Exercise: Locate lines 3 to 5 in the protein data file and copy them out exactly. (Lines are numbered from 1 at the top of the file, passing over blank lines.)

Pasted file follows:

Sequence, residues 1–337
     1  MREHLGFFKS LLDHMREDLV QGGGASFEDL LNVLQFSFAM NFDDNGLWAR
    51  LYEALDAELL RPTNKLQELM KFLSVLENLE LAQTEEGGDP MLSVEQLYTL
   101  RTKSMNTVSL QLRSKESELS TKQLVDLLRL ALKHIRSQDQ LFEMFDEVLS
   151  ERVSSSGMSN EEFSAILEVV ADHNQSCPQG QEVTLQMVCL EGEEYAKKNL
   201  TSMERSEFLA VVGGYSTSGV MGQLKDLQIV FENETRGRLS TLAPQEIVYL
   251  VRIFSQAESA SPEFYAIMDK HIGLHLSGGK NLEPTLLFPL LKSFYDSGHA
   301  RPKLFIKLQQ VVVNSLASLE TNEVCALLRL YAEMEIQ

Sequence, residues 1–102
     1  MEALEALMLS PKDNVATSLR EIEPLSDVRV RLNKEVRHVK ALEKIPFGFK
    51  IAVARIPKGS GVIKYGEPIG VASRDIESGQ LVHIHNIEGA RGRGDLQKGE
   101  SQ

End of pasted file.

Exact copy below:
    51  LYEALDAELL RPTNKLQELM KFLSVLENLE LAQTEEGGDP MLSVEQLYTL
   101  RTKSMNTVSL QLRSKESELS TKQLVDLLRL ALKHIRSQDQ LFEMFDEVLS
   151  ERVSSSGMSN EEFSAILEVV ADHNQSCPQG QEVTLQMVCL EGEEYAKKNL